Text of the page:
Wednesday, April 22, 2015

Artistic Pursuits Early Elementary - Book 1 (A Schoolhouse Crew Review)

 ARTistic Pursuits is a homeschool art curriculum for students of all ages.  With a total of 13 books, ranging from preschool to high school levels, there is a program for every student.  For the past two months, Jude has been working with the book, ARTistic Pursuits, Early Elementary K-3 Book One. This book is for students aged 5 and up, and is a good beginning art curriculum. 

What I enjoyed was how simple the lessons are.  Because they are for beginning students, they are only about ten miutes long.  I think this is great because young attention spans aren't much longer, so I felt like we were getting a good lesson on art in with each day.

The first part of the lesson is a one-page reading about a topic.  The range from the most basic "What does an artist do?" to different styles of art.

This is followed by a major work of art to be studied for these qualities.  I think it's wonderful that the presentations are so varied.  There is exposure to just about every kind of artist in this volume, from Degas to Demuth, Kiyohiro to Claude Monet. Art history was a core requirement when I was in college, and I loved the different styles of paintings.  Art is subjective - so while I can appreciate a Dali painting, he's not one of my favorite artists.  However, it would be very easy for me to put together a course on the medieval Van Eyck and Hans Holbein the Younger.  I think it's important for Jude to decide what type of art he likes, and the only way to do this is to be exposed to many different types.

Finally, the unit concludes with a Student Project.

One particular project he enjoyed was wandering the house searching for things to sketch.  I found it really interesting to see the things that caught his eye:

However, some were more difficult for him.  This particular watercolor comes from Lesson 5 - Artists Use Photographs.  This is the inspiration image he chose.

 I'll admit, I did help him with the figure in this one.  He got frustrated easily, because he struggled with not being "right."  If I were to do this again, I think I'd be more inclined to do the instruction, then the project, finishing with the artwork study.  I think he often felt intimidated by what he saw, and felt that was what he needed to create, not what was in his imagination.  The text does stress that the parent/teacher should encourage imagination, not copying ideas, when drawing, but Jude became fixated on the artworks presented.   He seemed to do better when he could be in control.  (Which is pretty much the story of this kid's life.)

This was Jude's favorite drawing - a Power Rangers Megazord.

One thing I like about ARTistic Pursuits is the creators expect you to use quality art materials.  I'll admit, I'm more of a "crayons and copy paper when kid wants to color" kind of mom, but I think using real materials is a good thing, and creates a more intentional process.  Watercolor crayons are more expensive than basic ones (or basic watercolor pans), but having separate "these are your school art supplies" did generate a different level of respect.  It did take a while for Jude to get the hang of how much pressure to put on the paper so that the colors didn't bleed into one another.  Other media used in the program include pencil, oil pastel, and air-drying clay.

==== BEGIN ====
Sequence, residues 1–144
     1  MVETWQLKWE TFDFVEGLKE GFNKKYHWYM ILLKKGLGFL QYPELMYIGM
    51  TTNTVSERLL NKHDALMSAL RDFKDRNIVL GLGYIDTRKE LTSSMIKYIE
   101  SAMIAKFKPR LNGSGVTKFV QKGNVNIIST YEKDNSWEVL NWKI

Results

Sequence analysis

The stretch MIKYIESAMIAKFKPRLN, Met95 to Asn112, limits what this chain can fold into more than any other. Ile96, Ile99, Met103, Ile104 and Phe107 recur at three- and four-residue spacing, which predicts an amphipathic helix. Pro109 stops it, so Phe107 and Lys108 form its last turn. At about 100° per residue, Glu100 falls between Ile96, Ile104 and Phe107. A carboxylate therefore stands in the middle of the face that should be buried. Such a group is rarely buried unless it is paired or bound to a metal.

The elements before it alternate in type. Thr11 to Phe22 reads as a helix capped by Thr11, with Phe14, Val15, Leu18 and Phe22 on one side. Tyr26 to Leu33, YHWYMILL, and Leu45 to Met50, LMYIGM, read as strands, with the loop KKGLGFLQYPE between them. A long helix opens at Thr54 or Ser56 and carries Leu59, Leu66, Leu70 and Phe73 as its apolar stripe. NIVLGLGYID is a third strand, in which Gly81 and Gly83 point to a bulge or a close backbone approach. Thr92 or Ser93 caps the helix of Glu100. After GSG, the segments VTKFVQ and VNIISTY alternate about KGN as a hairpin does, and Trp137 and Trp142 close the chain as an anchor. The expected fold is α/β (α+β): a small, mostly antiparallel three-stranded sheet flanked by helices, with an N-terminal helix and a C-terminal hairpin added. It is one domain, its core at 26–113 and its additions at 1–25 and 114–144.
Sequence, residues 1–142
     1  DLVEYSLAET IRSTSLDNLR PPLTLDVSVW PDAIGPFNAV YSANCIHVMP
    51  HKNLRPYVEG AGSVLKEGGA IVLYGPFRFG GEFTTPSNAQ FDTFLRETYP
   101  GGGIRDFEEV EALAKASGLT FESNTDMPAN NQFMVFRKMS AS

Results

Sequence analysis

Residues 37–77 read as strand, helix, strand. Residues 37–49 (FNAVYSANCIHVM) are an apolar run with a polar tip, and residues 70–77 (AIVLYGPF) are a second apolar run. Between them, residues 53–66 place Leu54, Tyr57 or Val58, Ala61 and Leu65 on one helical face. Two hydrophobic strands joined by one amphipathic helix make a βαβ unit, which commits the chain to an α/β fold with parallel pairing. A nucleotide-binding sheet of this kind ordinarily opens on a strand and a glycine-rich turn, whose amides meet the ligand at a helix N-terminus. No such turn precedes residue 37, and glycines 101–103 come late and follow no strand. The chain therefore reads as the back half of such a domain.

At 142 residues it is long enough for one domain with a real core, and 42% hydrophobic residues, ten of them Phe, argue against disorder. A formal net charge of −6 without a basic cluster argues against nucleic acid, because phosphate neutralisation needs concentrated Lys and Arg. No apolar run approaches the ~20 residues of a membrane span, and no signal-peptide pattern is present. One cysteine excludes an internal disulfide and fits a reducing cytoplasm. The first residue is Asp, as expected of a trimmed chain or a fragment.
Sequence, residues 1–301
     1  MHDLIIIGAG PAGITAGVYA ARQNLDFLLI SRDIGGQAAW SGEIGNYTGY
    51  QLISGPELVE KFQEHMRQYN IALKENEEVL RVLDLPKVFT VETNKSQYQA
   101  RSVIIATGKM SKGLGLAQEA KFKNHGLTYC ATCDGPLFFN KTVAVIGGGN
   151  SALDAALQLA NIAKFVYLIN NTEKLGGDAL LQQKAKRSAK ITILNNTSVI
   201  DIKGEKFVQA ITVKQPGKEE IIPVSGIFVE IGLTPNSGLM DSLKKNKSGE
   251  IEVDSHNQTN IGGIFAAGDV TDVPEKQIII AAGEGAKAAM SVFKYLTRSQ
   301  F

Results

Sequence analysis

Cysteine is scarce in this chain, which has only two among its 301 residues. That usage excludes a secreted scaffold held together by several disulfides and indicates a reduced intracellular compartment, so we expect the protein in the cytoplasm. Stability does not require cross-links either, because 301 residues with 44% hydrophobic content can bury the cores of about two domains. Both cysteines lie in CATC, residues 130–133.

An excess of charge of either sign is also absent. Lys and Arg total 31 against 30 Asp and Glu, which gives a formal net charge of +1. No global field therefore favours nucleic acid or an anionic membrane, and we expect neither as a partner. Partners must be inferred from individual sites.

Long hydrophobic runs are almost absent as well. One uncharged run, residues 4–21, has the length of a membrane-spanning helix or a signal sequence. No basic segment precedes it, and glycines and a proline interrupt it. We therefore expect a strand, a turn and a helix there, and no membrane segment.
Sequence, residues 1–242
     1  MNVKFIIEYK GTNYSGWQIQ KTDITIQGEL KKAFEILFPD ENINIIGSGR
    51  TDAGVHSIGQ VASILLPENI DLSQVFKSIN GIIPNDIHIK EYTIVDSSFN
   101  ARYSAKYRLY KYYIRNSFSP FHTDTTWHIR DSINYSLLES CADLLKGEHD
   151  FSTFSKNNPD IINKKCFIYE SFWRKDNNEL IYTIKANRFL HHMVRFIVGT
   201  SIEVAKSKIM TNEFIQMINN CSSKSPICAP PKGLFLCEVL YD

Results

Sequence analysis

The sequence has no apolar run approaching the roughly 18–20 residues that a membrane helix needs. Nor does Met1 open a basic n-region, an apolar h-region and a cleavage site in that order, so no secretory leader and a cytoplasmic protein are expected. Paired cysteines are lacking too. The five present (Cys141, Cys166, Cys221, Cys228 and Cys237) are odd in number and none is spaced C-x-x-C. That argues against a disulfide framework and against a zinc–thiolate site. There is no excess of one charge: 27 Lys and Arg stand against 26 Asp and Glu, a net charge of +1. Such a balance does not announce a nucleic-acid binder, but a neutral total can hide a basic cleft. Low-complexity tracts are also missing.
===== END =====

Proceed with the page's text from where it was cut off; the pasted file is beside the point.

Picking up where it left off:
Last year, Matthew worked with ARTistic Pursuits, using the Elementary 4-5, Book 1: The Elements of Art and Composition.   I was impressed with that program, so I was excited to use this younger level for Jude.  In addition,  previous experience with the curriculum meant I already had an idea of what the program entailed.  When I filled out the Crew form to request this book, I said:
I'm in the process of re-configuring my game plans to more of a unit-study thing.  I think Jude is finally ready for more than just absolute basics, but the thought of doing a history course and science and art and...and...and...just seems overwhelming.  What I'm considering is using this (at least for the review period, and we'll see how it works before committing to it "forever") as a spine for a unit study.  We can do "art history" instead of history-history, and then use the work of art we're studying to rabbit trail by adding books/videos about a topic...

This wasn't impossible, but it wasn't as simple as I thought it would be.  Some works are easier to find things to build upon.  For example, Lesson 3's "Artists Look at Nature" work, In Flanders Field - Where Soldiers Sleep and Poppies Grow is fairly easy to build upon. 

We studied the poem "In Flanders Fields" by John McCrae, and pictures of what Flanders Field looks like today.

Image Source

In Flanders fields the poppies blow
Between the crosses, row on row,
That mark our place, and in the sky,
The larks, still bravely singing, fly,
Scarce heard amid the guns below.

We are the dead; short days ago
We lived, felt dawn, saw sunset glow,
Loved and were loved, and now we lie
In Flanders fields.

Take up our quarrel with the foe!
To you from failing hands we throw
The torch; be yours to hold it high!
If ye break faith with us who die
We shall not sleep, though poppies grow
In Flanders fields.

We recently visited Arlington National Cemetery, so we talked about how Flanders Field was another cemetery for soldiers.   We added a book or two, and a video about Belgium, and we had a week long "taste of" unit study.  Not too hard.

But then we were a bit at a loss when it came to trying to add to the unit on Imagination, which used Marc Chagall's The Birthday as its inspiration.  We wound up doing more of a unit study on France - French foods, the Eiffel Tower, etc. - but that missed the point of wanting to use a piece of art as our center. I'm not sure that the first half of the book will truly work how I had intended to use it.